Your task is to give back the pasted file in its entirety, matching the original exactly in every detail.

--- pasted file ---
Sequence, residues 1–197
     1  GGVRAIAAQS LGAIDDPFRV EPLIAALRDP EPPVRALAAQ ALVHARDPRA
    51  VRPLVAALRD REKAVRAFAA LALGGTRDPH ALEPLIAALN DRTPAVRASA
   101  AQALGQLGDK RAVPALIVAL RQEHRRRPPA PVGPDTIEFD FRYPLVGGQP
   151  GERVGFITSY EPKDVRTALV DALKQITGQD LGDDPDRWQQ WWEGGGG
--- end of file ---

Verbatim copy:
Sequence, residues 1–197
     1  GGVRAIAAQS LGAIDDPFRV EPLIAALRDP EPPVRALAAQ ALVHARDPRA
    51  VRPLVAALRD REKAVRAFAA LALGGTRDPH ALEPLIAALN DRTPAVRASA
   101  AQALGQLGDK RAVPALIVAL RQEHRRRPPA PVGPDTIEFD FRYPLVGGQP
   151  GERVGFITSY EPKDVRTALV DALKQITGQD LGDDPDRWQQ WWEGGGG